Many multifamily buyers and sellers have been surprised at just how quickly, and how steeply, cap rates have fallen this past year.
Several factors have conspired to drive down cap rates a little more each month this year. A wealth of opportunity funds looking for acquisitions has resulted in frenzied bidding wars for Class A assets.
Low-priced debt from Fannie Mae and Freddie Mac has allowed more deals to pencil out. And stabilizing fundamentals have inspired confidence in the future value proposition.
But just how sustainable is this cap rate compression? Most multifamily finance professionals don’t expect it to last into next year, but there is no guarantee that Cap Rates could fall even further. The consensus is for a leveling off at some point in early 2011.
In the first six months of the year, there were about 29 multifamily transactions of $10 million or more with cap rates of 6 percent or less. Yet, since the beginning of July—in a span of just over three months—there have been 28 such transactions, according to market research firm Real Capital Analytics.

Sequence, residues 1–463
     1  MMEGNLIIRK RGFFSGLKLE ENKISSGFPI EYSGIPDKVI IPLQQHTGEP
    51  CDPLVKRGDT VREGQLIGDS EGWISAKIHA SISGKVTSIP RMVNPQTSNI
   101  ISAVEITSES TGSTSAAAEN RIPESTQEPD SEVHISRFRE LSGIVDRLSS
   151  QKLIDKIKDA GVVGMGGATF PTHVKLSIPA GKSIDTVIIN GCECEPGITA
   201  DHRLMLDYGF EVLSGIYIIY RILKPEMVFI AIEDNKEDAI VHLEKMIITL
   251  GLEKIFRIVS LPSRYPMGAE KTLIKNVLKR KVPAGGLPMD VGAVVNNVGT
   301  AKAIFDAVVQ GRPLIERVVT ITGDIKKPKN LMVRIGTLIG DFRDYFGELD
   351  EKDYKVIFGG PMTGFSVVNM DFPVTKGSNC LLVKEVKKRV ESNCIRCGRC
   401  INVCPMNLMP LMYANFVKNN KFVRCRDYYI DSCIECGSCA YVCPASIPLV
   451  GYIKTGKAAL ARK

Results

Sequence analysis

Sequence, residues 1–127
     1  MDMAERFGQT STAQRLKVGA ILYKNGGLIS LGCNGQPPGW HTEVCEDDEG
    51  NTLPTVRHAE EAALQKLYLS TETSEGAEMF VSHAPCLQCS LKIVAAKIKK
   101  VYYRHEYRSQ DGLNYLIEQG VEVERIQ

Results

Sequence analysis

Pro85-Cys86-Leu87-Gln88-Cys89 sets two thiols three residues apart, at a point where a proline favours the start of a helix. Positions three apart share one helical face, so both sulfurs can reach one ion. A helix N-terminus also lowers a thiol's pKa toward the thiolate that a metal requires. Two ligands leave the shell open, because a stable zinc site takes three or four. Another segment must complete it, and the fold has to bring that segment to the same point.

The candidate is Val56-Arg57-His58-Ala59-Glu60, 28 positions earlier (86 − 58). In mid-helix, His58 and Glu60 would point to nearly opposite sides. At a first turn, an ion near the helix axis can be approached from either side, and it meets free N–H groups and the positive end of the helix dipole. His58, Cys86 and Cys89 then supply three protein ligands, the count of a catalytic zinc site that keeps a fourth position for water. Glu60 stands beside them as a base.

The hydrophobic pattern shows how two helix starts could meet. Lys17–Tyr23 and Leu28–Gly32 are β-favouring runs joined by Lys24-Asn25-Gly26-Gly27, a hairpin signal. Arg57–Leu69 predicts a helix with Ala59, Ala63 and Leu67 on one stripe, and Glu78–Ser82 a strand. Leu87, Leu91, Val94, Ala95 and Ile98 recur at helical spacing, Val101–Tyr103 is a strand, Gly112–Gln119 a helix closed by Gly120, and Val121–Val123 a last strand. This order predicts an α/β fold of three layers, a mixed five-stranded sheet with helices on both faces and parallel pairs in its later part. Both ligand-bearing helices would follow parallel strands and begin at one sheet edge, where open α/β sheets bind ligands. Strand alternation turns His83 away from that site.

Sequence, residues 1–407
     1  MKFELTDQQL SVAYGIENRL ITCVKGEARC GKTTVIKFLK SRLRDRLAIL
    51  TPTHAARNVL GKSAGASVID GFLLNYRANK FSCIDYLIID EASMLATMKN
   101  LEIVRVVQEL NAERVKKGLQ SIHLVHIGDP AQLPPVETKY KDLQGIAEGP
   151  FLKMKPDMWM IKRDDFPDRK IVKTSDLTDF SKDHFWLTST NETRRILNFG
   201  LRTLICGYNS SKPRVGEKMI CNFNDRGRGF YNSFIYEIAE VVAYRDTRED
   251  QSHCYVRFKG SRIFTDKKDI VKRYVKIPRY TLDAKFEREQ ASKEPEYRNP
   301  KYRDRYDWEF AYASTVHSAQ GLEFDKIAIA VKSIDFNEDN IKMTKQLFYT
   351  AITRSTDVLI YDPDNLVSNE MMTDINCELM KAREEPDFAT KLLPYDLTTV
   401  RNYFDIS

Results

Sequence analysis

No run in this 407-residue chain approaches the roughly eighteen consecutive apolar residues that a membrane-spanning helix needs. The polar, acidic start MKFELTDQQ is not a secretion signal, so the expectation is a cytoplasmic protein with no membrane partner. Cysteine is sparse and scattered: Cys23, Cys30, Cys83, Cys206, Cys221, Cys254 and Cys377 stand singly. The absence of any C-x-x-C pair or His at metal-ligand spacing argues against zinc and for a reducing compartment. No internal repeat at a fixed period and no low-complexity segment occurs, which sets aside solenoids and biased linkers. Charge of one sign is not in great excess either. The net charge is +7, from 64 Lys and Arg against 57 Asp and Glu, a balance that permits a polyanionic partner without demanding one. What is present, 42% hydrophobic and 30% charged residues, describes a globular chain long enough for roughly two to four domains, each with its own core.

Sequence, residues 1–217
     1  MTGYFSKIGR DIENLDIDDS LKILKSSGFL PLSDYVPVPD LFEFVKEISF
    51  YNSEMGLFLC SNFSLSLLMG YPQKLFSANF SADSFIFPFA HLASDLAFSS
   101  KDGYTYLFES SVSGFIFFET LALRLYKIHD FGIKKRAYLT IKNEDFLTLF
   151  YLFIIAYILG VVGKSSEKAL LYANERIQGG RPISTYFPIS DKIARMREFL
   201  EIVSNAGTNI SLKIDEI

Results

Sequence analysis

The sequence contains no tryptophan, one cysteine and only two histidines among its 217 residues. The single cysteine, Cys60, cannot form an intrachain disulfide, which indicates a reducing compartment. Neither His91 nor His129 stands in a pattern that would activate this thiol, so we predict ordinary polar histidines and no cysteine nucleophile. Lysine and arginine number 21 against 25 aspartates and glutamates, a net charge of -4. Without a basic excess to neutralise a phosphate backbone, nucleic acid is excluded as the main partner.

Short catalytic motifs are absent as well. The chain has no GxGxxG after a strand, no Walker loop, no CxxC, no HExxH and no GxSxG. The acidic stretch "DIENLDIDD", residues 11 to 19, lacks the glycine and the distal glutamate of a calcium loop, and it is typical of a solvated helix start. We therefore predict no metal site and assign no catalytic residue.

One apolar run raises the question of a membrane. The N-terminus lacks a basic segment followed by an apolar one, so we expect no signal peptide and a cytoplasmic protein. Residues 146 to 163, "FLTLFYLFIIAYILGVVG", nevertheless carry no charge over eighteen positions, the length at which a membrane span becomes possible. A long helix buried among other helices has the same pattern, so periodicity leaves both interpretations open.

These range from the very large—last month’s $193 million acquisition by CBRE of the Resort at Pembroke Pines in Hollywood, Fla., drew a 6 percent cap—to smaller assets, such as the $25.5 million acquisition by Trinity Property Group of the 76-unit Clay Park Towers in San Francisco, which had a 5 percent cap rate.
While some of today’s cap rates seem aggressive, when you factor in the price of debt from Fannie and Freddie—around 4 percent for a 10-year loan, and sub-4 percent for a seven-year loan—it makes sense.
But for now, interest rates continue to fall and the pace of transactions continues to rise. As usual, it’s Carpe Diem…